There is a wide spectrum of political Islam discourses in SEA that advocate nonviolence and constitutionalism. Elite-driven state building is a central characteristic of SEA governments and is manifested in the drive to capture and construct the political narrative of political Islam domestically. This was particularly evident in the work of Malaysian scholar Naquib Al-Attas and former Prime-Minister Mahatir Mohamad, whom contributed towards the contextualization of Islamic discourse within SEA governance.  This was achieved by challenging Western categories of what constituted knowledge, which allowed states like Malaysia and Indonesia to

regain authorship in the convergence of Islamic narrative and governance. This engagement with Islamic identity in the political realm may have the effect of moderating more extreme discourses, since groups that have a stake in state-building or the electoral process moderate their rhetoric to consolidate their legitimacy and appeal to a more diverse support base. This is well exemplified by Indonesia’s pluralistic and inclusive Pancasila national philosophy, which was chosen over an Islamic-centered political society.

The move to regain authorship of Islamic discourse has been important in the securitization of terrorism in SEA. This is evident in the move by countries such as Malaysia and Indonesia to prohibit support for IS and arrest those who intend to fight for them. However, when it comes to the actualization of counterterrorist legislation there is scope for further consolidation. Many examples of legislation utilized in SEA post 9/11 are anti-sedition laws utilized for counterterrorism purposes. Such examples include the Internal Security Act in Singapore or the Prevention of Terrorism Act in Malaysia (which bears resemblances to the now abolished Malaysian Internal Security Act). These examples of arbitrary legislation can be improved upon by defining the threat of terrorism more coherently, in a similar manner to the Philippines’ Human Security Act, which explicitly defines terrorism in specific legal terms.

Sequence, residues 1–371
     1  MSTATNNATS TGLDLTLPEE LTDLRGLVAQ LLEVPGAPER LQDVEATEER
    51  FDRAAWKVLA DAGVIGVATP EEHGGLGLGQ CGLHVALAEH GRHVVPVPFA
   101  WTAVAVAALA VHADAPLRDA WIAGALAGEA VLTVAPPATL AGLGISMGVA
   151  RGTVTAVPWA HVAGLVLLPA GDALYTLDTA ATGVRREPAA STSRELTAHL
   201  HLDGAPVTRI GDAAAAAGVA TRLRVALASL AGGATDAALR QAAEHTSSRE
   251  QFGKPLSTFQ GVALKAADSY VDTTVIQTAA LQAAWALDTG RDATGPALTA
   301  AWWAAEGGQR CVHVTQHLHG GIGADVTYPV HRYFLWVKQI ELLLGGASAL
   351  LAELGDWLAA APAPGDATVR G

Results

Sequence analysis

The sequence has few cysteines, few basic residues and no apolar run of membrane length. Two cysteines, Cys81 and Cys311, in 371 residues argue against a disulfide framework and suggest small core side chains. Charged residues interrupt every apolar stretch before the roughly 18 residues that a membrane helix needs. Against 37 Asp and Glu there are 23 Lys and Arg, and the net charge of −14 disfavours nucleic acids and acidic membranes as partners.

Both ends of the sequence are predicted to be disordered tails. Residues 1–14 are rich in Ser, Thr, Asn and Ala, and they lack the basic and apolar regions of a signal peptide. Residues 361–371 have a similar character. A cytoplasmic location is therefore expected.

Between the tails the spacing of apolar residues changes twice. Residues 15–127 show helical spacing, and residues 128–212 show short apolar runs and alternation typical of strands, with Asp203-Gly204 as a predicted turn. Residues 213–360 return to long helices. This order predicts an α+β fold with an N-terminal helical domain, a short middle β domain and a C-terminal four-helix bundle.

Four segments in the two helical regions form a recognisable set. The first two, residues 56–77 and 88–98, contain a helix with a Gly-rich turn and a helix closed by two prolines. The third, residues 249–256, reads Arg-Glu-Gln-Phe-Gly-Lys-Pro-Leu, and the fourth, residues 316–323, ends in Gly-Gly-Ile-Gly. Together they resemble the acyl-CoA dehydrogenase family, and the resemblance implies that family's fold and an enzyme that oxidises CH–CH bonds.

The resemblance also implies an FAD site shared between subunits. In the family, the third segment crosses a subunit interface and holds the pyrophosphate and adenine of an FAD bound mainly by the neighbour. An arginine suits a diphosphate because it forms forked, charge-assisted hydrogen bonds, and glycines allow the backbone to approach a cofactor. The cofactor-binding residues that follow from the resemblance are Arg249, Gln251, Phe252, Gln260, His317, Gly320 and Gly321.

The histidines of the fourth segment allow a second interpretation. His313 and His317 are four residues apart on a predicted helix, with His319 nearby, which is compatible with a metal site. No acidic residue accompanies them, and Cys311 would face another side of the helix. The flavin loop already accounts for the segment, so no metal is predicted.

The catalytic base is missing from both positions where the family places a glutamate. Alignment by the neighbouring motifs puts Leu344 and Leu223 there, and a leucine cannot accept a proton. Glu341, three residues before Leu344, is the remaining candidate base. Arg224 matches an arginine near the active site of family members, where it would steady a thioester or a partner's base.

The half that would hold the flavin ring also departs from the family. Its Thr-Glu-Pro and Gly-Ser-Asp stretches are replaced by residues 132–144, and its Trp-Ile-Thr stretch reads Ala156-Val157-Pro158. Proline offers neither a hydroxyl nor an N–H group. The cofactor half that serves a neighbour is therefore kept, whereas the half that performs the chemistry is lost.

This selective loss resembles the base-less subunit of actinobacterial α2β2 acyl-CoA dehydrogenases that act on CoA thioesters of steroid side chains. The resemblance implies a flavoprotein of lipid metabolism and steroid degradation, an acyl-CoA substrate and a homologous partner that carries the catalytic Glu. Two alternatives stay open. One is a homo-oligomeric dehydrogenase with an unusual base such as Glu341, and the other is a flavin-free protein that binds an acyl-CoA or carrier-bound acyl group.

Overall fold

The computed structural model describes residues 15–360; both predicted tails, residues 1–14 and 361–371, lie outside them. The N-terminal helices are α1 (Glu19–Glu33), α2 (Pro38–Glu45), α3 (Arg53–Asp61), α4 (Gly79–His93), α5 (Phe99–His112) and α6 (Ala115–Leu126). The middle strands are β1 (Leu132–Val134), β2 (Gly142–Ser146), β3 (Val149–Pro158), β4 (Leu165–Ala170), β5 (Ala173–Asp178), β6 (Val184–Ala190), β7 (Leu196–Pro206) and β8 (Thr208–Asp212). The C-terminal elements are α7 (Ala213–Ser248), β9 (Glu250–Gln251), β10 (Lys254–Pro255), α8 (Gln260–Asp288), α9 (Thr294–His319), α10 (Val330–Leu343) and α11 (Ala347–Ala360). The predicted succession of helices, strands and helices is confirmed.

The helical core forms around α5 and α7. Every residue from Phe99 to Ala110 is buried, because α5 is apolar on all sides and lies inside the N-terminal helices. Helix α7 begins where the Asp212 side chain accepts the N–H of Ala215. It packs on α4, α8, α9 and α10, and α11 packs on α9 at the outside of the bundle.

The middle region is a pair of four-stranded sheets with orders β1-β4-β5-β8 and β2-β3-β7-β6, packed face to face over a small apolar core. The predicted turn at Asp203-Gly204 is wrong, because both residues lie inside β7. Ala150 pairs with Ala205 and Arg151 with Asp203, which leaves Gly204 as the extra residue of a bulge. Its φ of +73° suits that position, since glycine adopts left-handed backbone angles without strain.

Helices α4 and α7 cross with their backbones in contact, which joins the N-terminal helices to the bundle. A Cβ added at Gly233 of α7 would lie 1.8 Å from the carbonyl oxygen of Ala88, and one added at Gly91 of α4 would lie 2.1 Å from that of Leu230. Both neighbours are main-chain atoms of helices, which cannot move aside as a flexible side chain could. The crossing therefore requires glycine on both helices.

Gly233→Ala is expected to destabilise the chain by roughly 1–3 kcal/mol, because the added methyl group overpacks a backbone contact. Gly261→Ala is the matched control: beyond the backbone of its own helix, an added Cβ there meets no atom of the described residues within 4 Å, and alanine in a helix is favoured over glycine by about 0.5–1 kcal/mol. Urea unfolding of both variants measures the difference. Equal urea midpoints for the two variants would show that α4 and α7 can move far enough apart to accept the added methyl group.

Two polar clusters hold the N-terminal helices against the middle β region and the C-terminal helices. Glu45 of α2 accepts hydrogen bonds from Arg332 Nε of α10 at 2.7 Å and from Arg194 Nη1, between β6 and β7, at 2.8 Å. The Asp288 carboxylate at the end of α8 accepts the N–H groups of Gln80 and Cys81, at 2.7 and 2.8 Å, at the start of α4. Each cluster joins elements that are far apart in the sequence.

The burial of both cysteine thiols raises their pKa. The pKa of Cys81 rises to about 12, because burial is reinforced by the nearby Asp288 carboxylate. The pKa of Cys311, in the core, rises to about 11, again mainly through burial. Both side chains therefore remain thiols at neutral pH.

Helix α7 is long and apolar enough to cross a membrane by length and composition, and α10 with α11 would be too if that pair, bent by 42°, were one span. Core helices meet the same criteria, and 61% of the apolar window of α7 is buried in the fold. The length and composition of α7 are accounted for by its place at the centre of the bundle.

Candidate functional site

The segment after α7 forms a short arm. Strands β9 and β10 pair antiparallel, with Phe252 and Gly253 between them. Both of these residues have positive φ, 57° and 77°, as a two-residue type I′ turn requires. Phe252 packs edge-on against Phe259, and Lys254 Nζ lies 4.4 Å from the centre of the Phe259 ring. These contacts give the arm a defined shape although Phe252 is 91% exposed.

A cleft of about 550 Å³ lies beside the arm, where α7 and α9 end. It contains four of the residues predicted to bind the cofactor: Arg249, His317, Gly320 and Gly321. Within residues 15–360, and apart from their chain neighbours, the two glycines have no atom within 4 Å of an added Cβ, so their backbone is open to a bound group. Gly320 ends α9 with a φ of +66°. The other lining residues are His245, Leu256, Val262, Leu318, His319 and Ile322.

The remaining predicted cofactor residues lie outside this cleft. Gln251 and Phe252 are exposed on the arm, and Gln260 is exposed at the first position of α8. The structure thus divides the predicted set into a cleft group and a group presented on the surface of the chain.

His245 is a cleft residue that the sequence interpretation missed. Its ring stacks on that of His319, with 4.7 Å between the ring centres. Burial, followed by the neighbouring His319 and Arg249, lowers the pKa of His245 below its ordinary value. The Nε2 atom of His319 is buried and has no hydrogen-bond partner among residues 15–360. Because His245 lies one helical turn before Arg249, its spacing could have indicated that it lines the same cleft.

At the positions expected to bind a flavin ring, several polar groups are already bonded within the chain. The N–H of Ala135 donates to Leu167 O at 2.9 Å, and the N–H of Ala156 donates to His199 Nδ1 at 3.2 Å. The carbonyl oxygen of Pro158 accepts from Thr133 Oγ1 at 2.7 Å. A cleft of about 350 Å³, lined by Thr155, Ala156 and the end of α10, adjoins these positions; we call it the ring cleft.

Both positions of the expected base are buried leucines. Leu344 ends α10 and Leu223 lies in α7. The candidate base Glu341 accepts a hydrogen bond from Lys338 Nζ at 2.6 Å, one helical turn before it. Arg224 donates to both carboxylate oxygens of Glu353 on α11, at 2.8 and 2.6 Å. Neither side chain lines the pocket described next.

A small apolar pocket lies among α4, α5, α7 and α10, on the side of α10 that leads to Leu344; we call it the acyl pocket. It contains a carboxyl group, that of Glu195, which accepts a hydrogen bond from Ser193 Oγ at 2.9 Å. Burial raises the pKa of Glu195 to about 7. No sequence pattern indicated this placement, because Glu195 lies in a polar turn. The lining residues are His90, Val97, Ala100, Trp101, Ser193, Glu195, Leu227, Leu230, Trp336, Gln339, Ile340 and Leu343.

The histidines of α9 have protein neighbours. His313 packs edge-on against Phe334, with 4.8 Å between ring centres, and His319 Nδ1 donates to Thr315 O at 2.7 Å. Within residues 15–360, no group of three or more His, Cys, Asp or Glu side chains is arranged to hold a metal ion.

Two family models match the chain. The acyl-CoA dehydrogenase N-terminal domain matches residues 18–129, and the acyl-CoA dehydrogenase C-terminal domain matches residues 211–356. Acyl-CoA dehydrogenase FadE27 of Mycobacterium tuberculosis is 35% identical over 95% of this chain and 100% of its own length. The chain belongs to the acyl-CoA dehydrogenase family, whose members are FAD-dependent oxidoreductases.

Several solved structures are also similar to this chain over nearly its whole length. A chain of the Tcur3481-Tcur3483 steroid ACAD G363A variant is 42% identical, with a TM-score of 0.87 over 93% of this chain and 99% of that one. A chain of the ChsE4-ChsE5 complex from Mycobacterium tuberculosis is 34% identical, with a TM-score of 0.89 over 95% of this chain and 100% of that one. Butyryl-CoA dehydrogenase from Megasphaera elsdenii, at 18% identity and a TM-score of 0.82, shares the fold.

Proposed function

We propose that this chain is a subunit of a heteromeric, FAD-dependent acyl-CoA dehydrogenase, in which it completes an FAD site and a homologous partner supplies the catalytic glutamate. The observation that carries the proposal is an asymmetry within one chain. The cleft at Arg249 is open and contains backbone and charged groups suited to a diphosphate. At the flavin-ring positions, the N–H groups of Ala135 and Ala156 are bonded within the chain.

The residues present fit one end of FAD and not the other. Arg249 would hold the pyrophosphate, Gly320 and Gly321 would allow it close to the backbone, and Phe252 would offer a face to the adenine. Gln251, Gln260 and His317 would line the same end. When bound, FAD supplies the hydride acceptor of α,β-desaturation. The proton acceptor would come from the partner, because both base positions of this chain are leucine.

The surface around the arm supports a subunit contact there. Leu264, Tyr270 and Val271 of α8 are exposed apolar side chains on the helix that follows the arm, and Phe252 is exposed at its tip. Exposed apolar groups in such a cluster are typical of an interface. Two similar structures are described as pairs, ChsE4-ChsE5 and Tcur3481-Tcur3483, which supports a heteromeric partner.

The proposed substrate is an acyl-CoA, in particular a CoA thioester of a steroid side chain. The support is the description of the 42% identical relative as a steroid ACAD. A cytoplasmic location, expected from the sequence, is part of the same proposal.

ASEAN continues to angle towards regionalism, which has implications beyond economic cooperation. Forming or fostering a shared identity as well as enhancing collective security are also important issues. Only with an understanding of Islamic discourse can the region begin to consolidate a counterterrorism policy that can measure up against current threats to SEA security, such as the rise of IS. An understanding of the multitude of Islamic identities is a significant foundation for a cohesive policy against emerging threats. There are numerous reasons as to why individuals in ASEAN may feel compelled to join terrorist organizations both overseas and domestically. The previous successes of regaining authorship of Islamic narrative in SEA can be consolidated by researching potential weaknesses or gaps in the way people identify with these narratives. This is the first step to stemming the growth of extremist groups.

Greater information exchange is needed regionally in SEA, through platforms like the ASEAN regional forum, to foster an inter-state understanding of the diverse Islamic identities, narratives and motivations for sympathizing with extreme Islamic discourses. Only from this point of understanding can a multilateral approach to counterterrorism be adopted for the future. Neglect to integrate the idea of diversity into regional policy threatens to marginalize people further and may in fact worsen the growth of terrorism both in SEA and globally.

Mathew Bukit is a Research Fellow Assistant at the Cambodian Institute for Strategic Studies (CISS).